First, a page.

Although chipset manufacturers have barely started shipping out handsets powered by processors based on the 10nm production node like the upcoming Qualcomm Snapdragon 835, Samung’s Exynos 8895, Apple’s A11 Fusion, Huawei’s Kirin 970 and MediaTek’s own Helio X30 the Taiwan based chipset designer, Mediatek has already started risk production of its next generation of solutions based on TSMC’s 7nm node. Sources close to TSMC, MediaTek’s fabrication partner had disclosed earlier,
TSMC will enter risk production for a MediaTek chip on the newer 7nm process in the second quarter, said the sources, adding that the SoC incorporates 12 CPU cores.
Even as reports are coming in from other sources that the company has faced yield issues for the Helio X30 based on TSMC’s 10nm manufacturing node apart from most of its partners switching to Qualcomm chips in their smartphones. MediaTek remains bullish that it will resolve the yield issue and this shall not affect any of its prior commitments.
MediaTek had unveiled the Helio X30 deca-core towards the end of February stating that it has entered serial production and smartphones powered by the chipset should be arriving sometime in Q2 of 2017.
Here’s some information about why the “nm” in processor matter. Nanometer in CPUs specify the distance between two transistors connected in sequence. To improve the performance of a processor data from one transistor to next should be available as soon as possible which results in higher processing speed due to less time delay. The logic here is that the speed of light in vacuum is 3×10^8m/s, we cannot exceed this limit. So, if the signal is traveling even at this speed it has to cover some distance, lesser the distance less will be the time delay. So, if we reduce the distance between two consecutive transistors we can get higher processing speed due to reduce time delays.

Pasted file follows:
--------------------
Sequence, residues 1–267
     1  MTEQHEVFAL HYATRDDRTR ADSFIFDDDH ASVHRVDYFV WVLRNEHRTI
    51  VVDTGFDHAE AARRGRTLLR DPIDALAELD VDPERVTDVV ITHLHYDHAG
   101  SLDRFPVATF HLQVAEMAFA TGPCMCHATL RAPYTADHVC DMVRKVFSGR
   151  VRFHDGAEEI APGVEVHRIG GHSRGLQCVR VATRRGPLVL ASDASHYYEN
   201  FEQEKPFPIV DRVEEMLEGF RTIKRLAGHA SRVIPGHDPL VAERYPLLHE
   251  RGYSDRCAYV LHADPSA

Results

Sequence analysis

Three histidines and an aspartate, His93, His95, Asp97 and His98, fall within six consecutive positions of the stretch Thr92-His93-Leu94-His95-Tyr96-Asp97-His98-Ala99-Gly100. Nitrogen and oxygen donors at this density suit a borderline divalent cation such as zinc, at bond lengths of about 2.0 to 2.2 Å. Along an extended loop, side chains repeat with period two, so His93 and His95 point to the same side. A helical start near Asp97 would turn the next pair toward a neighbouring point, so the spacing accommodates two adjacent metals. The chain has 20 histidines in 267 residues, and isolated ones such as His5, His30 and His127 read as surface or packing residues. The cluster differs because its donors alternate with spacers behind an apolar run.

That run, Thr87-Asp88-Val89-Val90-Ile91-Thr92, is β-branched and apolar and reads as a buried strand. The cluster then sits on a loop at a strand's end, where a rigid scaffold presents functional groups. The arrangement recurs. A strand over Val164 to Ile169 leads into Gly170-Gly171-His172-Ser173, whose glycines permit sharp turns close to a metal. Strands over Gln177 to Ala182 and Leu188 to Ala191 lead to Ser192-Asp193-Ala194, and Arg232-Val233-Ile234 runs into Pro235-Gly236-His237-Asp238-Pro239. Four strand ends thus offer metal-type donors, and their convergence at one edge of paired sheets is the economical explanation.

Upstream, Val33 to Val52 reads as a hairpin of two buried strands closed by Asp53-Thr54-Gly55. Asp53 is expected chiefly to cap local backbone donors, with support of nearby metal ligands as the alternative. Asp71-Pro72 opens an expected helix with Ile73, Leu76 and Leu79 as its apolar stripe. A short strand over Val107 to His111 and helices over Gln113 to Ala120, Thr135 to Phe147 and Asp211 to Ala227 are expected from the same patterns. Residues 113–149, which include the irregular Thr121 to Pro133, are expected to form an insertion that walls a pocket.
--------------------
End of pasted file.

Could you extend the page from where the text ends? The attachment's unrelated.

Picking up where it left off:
Here’s what John Biggs, the co-founder of ARM says,
I can’t see any reason for the ordinary person to care about nanometers. If you’re buying a car, you’re looking for practical and tangible benefits, not technology for technology’s sake. The same applies when you buy a phone: you want a long battery life and the processing power that you need. Transistor size is just a means to an end.
Would you prefer Mediatek over Snapdragon after this 7nm technology? As far as reports are concerned, Snapdragon offers much better battery & updates over Mediatek processors. What do you think?